Carbon monoxide is tasteless, odourless and colourless, but it can cause danger and even kill. In recent news it has been reported that footballer Emiliano Sala, who tragically died when the plane he and pilot David Ibbotson were on crashed whilst flying over the Channel Islands, had high levels of carbon monoxide in his blood after toxicology tests were carried out. Experts suggest it is likely he was unconscious before the plane crashed, and it is likely pilot David, whose body has not yet been found, was also exposed to high levels of the toxic gas. In this article, we will review the dangers of carbon monoxide, what appliances in our homes could potentially pose a risk, and the relevant building regulations.
Carbon monoxide (CO) is produced from partial oxidation of carbon containing compounds, including when fuels such as wood, coal, oil or natural gas are burned. It is present in the air around us because of the activities we carry out such as driving or for heating or cooking and even from smoking. Out in the open air, the level of CO is less concentrated and therefore not as dangerous, but high, concentrated levels in enclosed spaces pose a dangerous risk to humans and animals.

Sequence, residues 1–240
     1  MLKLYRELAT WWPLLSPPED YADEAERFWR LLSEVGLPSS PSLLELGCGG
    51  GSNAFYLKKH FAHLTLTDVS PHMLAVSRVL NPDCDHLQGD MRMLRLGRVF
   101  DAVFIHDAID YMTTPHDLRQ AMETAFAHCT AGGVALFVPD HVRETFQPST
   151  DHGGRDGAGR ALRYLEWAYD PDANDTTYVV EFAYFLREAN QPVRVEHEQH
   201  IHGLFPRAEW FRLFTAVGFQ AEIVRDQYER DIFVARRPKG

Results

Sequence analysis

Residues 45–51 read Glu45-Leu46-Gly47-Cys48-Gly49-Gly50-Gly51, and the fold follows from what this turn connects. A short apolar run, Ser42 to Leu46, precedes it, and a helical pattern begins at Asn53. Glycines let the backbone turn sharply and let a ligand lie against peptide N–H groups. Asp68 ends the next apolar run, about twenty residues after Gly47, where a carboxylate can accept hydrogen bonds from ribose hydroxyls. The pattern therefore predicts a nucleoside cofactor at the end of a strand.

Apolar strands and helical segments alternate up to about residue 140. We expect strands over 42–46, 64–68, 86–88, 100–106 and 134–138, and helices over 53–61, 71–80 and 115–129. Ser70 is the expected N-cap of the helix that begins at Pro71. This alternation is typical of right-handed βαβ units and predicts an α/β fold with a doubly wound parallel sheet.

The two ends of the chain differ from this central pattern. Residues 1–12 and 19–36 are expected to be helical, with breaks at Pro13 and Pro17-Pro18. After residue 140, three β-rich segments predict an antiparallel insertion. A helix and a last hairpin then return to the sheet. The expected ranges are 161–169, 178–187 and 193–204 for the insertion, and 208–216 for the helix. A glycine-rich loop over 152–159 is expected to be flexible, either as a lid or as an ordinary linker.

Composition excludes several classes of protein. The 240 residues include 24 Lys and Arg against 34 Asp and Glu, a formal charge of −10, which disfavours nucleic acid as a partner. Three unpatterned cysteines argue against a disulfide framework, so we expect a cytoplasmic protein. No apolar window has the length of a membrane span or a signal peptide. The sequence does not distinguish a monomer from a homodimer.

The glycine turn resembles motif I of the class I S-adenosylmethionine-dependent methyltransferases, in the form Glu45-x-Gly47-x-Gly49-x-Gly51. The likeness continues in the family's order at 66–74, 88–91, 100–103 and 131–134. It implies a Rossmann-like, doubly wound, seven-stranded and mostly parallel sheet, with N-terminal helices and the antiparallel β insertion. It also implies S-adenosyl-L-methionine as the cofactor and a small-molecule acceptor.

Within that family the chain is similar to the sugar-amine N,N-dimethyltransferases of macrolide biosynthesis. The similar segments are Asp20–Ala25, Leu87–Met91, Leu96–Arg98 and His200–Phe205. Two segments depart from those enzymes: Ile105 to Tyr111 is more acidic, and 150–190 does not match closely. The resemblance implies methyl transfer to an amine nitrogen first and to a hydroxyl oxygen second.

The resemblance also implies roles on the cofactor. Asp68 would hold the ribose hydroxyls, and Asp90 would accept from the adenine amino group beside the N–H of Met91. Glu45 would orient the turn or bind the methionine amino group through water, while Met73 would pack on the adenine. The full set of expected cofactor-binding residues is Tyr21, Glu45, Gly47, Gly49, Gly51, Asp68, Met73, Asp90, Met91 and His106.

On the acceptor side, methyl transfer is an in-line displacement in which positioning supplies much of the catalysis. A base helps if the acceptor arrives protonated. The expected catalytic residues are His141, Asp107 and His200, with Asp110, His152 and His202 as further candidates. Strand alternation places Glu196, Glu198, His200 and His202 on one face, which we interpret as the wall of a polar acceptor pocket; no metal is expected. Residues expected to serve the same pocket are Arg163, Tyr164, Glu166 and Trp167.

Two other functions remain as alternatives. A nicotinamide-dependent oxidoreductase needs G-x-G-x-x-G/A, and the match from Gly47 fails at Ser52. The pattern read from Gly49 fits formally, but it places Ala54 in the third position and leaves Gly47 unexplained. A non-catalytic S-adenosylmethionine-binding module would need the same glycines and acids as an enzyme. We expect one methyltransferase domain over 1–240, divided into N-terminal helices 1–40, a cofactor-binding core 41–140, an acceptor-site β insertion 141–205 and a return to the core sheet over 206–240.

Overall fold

When inhaled, carbon monoxide will attach itself to the molecule (haemoglobin) that usually carries oxygen to our blood and vital organs – the more CO that is inhaled, the bigger the build-up of CO and the more we are deprived of oxygen, resulting in asphyxiation which can lead to unconsciousness and even death.
According to the National Office of Statistics, in 2017 there were 59 deaths in the UK due to accidental carbon monoxide poisoning. This is an increase compared to 49 in 2016 and 53 in 2015.
Symptoms of CO poisoning can include:
• Tension-type or dull headache (common in mild cases)
• Feeling and being sick
• Tiredness and confusion
• Stomach pain
• Shortness of breath and difficulty breathing
• Blurred vision
CO dangers in the home
As we burn fuels in our homes, there are appliances that could pose a risk to occupants. In our previous technical bulletin, we included an article on dangerous gas appliances and how to identify them which you may find useful (read here). Boilers, gas and solid fuel fires, woodstoves, gas or kerosene heaters, water heaters, gas or charcoal stoves or grills or gas tumble dryers could potentially have a carbon monoxide leak and therefore could be a danger in the home. Tell-tale signs that an appliance is faulty are:
• A yellow/orange colour flame as opposed to a crisp blue flame
• Soot or yellow/brown stains around the appliance
• Flickering or frequently blowing out pilot lights
• Condensation on windows (a higher amount than usual)
Regulations and requirements
As professionals in the property industry, we have a duty of care to tenants and owners of the properties we inspect. It is, therefore, important to understand the laws and regulations around health and safety requirements to ensure the correct information is shared to those who may be at potential risk.